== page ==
To complicate things even further, CPD is both a parent and an offspring of continuing medical education (CME). Since CPD is about our own professional development, it requires that we obtain additional knowledge or abilities that increase what we offer, either to those we care for or our employers. Some of this growth in knowledge and abilities is directly related to education that helps us improve patient care in our environment. Perhaps we obtained our bachelor of science in nursing (BSN), studied for a specialty certification like the Certified Flight Registered Nurse (CFRN), or were an active participant on a committee. In these instances, our CPD was a parent to any CME knowledge we obtained with those activities during the year.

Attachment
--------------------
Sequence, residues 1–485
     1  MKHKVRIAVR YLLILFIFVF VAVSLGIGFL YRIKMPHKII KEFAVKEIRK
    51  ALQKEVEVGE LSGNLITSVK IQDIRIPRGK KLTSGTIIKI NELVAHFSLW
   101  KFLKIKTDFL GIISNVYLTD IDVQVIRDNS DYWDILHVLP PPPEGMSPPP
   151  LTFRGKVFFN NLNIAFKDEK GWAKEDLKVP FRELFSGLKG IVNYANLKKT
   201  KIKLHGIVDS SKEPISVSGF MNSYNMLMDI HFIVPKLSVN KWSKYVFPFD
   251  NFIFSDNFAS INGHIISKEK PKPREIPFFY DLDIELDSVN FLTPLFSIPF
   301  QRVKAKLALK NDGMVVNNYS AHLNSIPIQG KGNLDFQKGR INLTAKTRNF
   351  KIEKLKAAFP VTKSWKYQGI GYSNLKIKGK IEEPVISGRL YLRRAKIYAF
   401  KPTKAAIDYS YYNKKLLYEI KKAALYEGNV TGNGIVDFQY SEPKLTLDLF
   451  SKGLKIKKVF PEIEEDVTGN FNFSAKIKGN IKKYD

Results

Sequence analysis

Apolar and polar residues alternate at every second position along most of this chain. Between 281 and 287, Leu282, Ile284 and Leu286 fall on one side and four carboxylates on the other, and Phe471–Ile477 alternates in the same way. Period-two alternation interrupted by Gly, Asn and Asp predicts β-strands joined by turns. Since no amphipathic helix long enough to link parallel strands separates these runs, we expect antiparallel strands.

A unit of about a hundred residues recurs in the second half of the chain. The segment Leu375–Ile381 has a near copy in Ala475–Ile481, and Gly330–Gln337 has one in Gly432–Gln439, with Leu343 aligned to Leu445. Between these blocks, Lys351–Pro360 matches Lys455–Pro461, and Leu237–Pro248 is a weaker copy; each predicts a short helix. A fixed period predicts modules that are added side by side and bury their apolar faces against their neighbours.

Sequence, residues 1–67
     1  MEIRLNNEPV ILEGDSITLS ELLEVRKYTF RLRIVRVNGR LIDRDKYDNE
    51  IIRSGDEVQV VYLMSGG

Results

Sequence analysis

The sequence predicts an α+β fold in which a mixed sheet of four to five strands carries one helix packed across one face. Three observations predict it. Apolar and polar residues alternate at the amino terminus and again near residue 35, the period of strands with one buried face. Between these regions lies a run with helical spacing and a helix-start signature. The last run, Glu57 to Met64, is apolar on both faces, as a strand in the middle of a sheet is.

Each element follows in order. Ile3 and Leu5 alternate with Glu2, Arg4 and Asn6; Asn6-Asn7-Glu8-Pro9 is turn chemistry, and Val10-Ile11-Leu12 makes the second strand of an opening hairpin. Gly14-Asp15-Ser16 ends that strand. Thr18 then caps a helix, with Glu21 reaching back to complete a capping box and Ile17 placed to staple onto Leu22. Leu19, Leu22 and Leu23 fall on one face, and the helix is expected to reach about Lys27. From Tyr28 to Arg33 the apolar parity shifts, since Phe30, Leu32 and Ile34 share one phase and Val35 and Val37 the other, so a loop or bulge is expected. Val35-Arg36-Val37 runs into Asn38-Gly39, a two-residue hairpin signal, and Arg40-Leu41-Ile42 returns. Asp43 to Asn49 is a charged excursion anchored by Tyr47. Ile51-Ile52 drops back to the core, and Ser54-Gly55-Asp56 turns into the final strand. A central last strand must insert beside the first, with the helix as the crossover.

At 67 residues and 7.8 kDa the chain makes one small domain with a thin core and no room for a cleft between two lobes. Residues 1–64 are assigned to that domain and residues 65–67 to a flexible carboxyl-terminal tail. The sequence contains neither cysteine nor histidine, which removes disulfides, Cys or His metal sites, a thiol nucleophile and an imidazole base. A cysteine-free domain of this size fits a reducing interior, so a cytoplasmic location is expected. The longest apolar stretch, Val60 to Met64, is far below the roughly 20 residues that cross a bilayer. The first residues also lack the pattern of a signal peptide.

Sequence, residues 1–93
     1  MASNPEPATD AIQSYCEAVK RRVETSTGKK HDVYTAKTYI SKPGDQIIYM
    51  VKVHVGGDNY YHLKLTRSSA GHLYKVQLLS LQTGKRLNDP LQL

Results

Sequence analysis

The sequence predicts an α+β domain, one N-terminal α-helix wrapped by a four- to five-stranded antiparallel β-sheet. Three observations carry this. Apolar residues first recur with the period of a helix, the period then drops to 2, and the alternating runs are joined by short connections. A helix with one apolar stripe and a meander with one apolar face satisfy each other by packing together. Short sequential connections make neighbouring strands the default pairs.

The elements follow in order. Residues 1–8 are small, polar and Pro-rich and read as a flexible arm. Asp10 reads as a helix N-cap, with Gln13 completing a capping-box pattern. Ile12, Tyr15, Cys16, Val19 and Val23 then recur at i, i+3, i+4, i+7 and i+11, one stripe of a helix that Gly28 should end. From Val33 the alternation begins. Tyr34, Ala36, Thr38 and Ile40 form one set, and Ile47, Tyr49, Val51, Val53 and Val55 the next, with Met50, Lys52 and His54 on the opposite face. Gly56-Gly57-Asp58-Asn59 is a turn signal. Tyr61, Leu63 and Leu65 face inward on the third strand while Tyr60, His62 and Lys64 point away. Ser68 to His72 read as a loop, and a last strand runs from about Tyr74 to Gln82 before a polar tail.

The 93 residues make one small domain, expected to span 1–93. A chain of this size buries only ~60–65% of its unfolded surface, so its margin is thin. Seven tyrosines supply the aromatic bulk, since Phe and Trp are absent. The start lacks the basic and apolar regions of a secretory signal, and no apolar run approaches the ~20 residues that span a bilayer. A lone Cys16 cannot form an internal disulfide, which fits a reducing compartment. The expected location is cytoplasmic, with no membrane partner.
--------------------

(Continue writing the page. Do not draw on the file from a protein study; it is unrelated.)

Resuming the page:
Our medical education though, can also lead our professional development. Our CME provides us with education that allows opportunities in our careers to open. Reading journals on a regular basis and attending a lecture or hands-on courses helps to increase our medical knowledge and ability to care for patients and their families. Increasing our knowledge, especially outside of our normal practice environment or with things that help us become experts in our field, opens opportunities for professional growth. Therefore, CPD is also an offspring of our CME. It occurs as a result of the time and effort we put into continuing our own medical education.
Journal reading is only one way to embrace our own CPD and CME. Attending a course, whether a lecture or hands-on format, is another way to further your CPD and CME. Optimally, nursing, emergency medical services (EMS), and other allied health professionals will recognize the need to embrace our own CPD and CME accountability fully. From my desk to yours, I hope we, as health professionals, can embrace our CPD and CME in the coming years.